I began to view anything sold in bulk with grave suspicion. Why, for example, would anyone wish to buy large quantities of Vimto, a cordial traditionally found in fish and chip shops in Northern England? Could it be possible that it was the secret to a sloe gin sort of drink? The adverts on massive billboards throughout the city suggested a sophistication more readily associated with champagne than a fruit squash. That observation led to an ill-advised attempt at a Vimto-based wine. Sadly, and perhaps predictably, the result was the cough mixture a million sleepless Saudi parents would have been grateful for. Never mind; undeterred, we continued our experiments with a dedication and wanton disregard for our health that the Curies would have admired.
Putting the fizz in compound life
Early in our stay in Saudi, I heard rumours of “The Champagne Lady” of another compound. She had, so it was said, perfected a sort of sparkling wine which, if not exactly champagne, was a far more pleasant drink than Saudi Ordinaire. My search for her was rewarded in time and she proved generous with her recipe. The key requirements were a strong lemonade bottle with a wired cork, unsweetened white grape juice and just two grains of yeast. Even one grain over requirements could result in a nasty glass-shattering explosion. One must resolve to keep the fledgling beverage in the fridge and not agitate it for two weeks — harder than it sounds in a household with four kids. After guarding the fridge door like an over-zealous Rottweiler for the required time, I could pull down the wire to cork the bottle then leave it in its comatose state for a further two weeks. The “pop” on opening was deeply gratifying; the flavor, surprisingly, “not so bad”. Rather like Appeltiser, it did not cause one’s face to reflexively contort while downing it. Champagne it was not, but drinkable it was.
Add the Perrier and face the grapes of wrath
Two years of experimentation taught us two things. Firstly, the only way to make a drink that approximated a bone fide drink one might find on sale elsewhere was not to serve our wine straight but to make a “Pimms” cocktail from it. We would pour it over a glassful of ice and top up with lemonade. After adding plenty of mint, cucumber and any other vegetation to hand, we could, at a stretch, imagine ourselves at Wimbledon. Unlike the wine alone, it was vaguely similar to what we wished it was. That alone justified the considerable number of Pimms parties we hosted in our time.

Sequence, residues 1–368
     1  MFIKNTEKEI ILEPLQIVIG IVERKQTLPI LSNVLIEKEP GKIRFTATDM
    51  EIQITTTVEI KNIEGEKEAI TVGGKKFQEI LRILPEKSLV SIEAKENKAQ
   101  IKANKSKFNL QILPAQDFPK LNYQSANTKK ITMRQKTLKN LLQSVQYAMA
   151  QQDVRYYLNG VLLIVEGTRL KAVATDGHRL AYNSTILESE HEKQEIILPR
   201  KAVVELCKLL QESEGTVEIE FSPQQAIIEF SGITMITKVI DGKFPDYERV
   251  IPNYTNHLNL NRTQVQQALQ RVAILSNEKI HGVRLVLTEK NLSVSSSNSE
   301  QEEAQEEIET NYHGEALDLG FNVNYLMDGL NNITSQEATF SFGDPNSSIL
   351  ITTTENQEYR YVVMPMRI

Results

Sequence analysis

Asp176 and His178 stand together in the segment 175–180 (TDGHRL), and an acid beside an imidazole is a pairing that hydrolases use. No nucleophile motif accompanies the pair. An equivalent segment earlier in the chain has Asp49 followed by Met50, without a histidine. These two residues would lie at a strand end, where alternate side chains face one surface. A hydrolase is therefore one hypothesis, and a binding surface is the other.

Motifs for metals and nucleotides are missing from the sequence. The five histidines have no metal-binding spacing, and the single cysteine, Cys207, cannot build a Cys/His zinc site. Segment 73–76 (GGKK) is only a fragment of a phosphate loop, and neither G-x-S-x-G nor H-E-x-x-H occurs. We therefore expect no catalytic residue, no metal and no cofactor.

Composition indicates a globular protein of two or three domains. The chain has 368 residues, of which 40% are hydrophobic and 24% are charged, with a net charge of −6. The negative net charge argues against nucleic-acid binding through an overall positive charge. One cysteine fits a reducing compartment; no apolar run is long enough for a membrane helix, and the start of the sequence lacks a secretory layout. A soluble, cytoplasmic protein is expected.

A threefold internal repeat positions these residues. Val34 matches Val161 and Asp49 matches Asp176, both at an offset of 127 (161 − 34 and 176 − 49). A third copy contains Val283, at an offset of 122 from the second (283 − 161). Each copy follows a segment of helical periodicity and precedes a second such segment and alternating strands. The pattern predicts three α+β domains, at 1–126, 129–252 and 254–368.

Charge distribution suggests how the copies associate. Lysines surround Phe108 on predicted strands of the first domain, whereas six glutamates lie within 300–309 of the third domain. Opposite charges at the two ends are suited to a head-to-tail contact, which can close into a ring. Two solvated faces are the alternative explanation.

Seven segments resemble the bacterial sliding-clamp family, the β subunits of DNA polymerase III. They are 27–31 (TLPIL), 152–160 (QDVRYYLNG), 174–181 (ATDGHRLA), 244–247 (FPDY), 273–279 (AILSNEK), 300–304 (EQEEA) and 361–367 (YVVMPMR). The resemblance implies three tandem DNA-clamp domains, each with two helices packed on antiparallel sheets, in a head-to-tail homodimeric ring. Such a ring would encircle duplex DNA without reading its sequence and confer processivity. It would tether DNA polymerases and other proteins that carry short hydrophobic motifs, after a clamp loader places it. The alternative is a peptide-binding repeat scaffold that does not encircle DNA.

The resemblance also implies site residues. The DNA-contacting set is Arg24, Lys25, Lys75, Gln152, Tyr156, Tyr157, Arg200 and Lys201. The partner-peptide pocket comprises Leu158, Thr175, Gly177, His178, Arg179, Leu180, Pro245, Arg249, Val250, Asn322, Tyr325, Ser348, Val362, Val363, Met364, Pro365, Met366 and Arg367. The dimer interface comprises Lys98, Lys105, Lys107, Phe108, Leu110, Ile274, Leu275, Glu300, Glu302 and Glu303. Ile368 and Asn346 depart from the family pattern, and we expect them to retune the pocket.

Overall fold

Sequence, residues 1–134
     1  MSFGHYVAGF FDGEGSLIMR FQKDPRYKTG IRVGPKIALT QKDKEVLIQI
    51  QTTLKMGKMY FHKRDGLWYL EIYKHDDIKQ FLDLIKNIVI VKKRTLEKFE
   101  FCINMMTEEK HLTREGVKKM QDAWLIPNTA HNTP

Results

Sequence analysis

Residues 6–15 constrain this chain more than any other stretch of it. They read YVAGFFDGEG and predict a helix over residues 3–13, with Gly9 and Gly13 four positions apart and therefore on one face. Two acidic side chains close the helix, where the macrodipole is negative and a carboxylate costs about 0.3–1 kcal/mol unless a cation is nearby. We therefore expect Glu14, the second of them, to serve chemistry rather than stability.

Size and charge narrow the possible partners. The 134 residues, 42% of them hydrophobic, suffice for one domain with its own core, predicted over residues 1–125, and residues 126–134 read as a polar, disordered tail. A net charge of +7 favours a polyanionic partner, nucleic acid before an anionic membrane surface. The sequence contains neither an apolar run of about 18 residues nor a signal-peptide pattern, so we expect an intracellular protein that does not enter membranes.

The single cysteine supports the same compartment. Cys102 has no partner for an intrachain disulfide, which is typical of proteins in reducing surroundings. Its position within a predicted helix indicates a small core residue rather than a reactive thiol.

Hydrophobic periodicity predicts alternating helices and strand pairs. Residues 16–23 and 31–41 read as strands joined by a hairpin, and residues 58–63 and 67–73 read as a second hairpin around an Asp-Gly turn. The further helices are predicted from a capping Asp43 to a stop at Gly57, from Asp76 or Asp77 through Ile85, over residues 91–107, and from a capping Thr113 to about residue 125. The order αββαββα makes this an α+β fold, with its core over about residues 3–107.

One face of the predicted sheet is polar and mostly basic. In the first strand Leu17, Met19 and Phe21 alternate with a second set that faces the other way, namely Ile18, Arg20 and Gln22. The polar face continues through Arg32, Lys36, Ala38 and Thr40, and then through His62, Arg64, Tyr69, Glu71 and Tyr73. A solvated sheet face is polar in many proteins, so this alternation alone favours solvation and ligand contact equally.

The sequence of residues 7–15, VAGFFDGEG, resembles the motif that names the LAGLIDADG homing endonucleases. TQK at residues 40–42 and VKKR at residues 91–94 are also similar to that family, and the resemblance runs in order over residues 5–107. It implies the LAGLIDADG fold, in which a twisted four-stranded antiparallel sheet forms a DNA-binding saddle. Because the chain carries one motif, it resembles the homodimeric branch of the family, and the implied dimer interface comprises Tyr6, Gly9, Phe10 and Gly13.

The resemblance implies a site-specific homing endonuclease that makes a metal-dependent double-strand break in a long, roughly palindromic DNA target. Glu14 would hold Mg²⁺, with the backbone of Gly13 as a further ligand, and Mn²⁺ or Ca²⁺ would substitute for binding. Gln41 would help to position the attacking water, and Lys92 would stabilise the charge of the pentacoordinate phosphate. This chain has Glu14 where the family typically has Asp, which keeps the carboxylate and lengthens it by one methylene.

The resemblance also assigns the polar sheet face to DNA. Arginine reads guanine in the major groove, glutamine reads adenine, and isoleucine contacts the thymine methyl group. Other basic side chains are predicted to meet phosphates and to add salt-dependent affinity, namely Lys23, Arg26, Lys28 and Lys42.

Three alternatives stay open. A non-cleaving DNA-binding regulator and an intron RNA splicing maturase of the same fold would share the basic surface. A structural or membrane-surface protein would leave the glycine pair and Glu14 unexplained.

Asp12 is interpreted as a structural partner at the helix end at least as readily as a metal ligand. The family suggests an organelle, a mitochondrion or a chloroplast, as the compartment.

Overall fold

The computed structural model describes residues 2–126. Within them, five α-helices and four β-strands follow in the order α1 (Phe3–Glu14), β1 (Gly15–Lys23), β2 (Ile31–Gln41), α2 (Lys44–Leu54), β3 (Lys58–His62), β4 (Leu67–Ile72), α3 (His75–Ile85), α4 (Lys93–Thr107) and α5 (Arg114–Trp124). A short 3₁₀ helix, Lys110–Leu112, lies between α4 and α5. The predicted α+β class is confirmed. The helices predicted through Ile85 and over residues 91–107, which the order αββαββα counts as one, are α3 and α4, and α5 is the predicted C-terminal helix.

The second thing we learned, as a direct consequence of the first thing we learned, is that a wine snob is a wine snob whatever his situation. Making our “cocktail” on occasion caused as much offence as if we had used a Grand Cru as the base, especially if mixed it with someone else’s wine. The snorts of outrage could have been no stronger. Indeed cutting someone else’s wine with anything from Perrier to club soda to ice, was to run the risk of causing deep and enduring offense. There are certain people (and you know who you are) who should remember wine is meant to be fun. You need every laugh you can get in certain circumstances, and a dodgy Saudi Red ought to be the perfect vehicle for hilarity.
Oh, and in case you were wondering — why the popularity of Vimto? It turns out that it is the Saudi drink of choice during the Iftar breakfast enjoyed at sundown each day of Ramadan. It addresses low blood sugar levels after a day of fasting and stands up well to the full flavoured food on offer – and it doesn’t make you screw up your face when you drink it.
Joanna was displaced from her native England 16 years ago, and has since attempted to re-place herself and blend into the USA, Holland, Brazil, Malaysia, Venezuela, Saudi Arabia, and now France. She describes herself as a “food gossip”, saying: “I’ve always enjoyed cooking and trying out new recipes. Overseas, I am curious as to what people buy and from where. What is in the baskets of my fellow shoppers? What do they eat when they go home at night?”